Last week, a case involving a Singaporean citizen posted racist remarks to the Malay community caught my attention. Let me just give you a quick introduction to the topic. Amy Cheong, the former Assistant Director of NTUC posted her rant on Facebook on Sunday evening (7 October 2012). By Monday morning (8 October 2012), the post went viral on Facebook, Twitter and blogs. NTUC’s Facebook page was bombarded with furious demands for Amy’s dismissal. NTUC reacted quickly and fired her by Monday afternoon. Within 24 hours, she has lost her job, her reputation and friends.

This case serves as an important social media lesson for us. Users need to be more careful when they post their rants or complaints on social media channels. In the social media world, everyone is becoming their own brand now. Your friends and public judge your personality based on your status updates, pictures and videos you posted on your Facebook account. It could either uplift your credibility or damage your reputation.

Some industry experts have commented that companies need to train their teams on ways to communicate through social media channels and to put in a social media policy for their employees. I find this point is interesting as it shows that a blurred line is created between personal Facebook account and the official company Facebook pages.

Although opinions posted on individual Facebook accounts usually reflect personal views, our conversations on these channels also indirectly represent the companies we work with. This also raises a red flag on how much personal information we could hide on the Internet. The lesser personal information you include in your “About” section on Facebook, the better you are in safeguarding your privacy level.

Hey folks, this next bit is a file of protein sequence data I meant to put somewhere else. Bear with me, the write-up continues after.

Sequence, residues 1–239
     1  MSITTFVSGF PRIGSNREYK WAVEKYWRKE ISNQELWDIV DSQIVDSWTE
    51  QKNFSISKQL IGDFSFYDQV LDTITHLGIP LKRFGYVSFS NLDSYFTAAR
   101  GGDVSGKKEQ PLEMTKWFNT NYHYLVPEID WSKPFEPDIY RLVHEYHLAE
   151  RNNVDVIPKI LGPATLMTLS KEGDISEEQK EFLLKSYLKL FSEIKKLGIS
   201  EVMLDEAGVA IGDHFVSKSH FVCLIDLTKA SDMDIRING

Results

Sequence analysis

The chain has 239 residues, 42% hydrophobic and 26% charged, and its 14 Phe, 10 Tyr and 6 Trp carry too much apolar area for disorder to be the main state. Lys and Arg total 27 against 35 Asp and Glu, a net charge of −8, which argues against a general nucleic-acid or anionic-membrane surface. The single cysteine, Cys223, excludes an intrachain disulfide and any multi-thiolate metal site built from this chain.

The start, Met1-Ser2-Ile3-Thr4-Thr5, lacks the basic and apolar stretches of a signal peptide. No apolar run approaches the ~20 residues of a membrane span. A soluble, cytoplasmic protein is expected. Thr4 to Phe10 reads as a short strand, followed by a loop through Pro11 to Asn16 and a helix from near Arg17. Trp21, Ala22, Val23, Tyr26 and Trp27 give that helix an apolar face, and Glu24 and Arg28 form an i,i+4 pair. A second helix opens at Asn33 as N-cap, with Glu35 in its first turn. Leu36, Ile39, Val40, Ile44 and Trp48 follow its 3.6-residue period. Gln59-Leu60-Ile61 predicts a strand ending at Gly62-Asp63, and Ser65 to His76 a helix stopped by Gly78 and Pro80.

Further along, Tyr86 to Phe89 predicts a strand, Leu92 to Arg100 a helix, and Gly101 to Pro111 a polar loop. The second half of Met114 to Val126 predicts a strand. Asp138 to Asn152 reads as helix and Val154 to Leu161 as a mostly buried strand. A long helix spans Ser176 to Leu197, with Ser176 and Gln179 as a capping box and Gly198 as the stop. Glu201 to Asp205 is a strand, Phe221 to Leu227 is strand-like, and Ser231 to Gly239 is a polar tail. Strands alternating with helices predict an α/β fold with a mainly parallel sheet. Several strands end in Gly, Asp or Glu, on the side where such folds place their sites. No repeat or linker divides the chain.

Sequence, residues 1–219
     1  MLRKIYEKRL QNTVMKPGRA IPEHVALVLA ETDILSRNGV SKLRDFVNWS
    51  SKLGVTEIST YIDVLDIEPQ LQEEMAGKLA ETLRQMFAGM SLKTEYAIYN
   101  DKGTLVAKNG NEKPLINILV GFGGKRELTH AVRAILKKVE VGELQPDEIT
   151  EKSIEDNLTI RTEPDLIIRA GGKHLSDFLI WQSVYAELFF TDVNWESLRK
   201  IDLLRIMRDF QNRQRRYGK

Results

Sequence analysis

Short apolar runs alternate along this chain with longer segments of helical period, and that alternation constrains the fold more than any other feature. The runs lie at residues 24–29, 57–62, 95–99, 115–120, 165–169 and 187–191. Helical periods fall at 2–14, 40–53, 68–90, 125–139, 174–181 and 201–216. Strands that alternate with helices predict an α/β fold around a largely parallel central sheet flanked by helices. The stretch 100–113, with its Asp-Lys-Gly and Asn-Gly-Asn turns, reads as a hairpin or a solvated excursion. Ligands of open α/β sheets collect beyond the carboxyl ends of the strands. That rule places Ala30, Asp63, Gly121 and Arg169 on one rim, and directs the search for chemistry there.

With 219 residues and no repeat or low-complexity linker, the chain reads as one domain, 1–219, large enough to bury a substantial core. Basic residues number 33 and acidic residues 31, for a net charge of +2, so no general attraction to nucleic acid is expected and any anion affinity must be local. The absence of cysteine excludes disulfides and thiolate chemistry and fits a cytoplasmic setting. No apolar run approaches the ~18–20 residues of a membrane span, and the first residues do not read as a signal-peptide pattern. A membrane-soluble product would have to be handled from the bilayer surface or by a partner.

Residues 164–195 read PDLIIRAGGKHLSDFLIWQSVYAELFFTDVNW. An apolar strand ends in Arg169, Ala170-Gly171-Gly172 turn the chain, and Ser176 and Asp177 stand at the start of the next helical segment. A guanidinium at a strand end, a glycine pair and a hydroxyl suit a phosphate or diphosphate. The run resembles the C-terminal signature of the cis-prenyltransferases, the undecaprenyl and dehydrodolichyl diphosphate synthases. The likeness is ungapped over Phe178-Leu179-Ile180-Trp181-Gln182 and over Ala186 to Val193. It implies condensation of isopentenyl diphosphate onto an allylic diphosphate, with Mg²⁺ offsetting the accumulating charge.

Some might argue that if all of your posts are set to private, you could reduce the risk of your actions being discussed by millions of netizens and ultimately read by a news presenter. It still does not entirely protect your privacy as you may not know if someone among your friends could potentially capture and post a screenshot of your post.

Think before act is probably something you have heard over times, the saying is so much true nowadays especially when we spend most of our time interacting online. Respect your audience and refrain from touching on sensitive issues.

The precursor to social networks was the ability to engage with others around the globe, where people interacted through avatars they’d created that often bore no resemblance to the real person they represented. However, what you do in social networks doesn’t involve playing a role. And the implications are much greater than winning and losing your poker chips. Privacy is likely to be a high valued commodity in the future.

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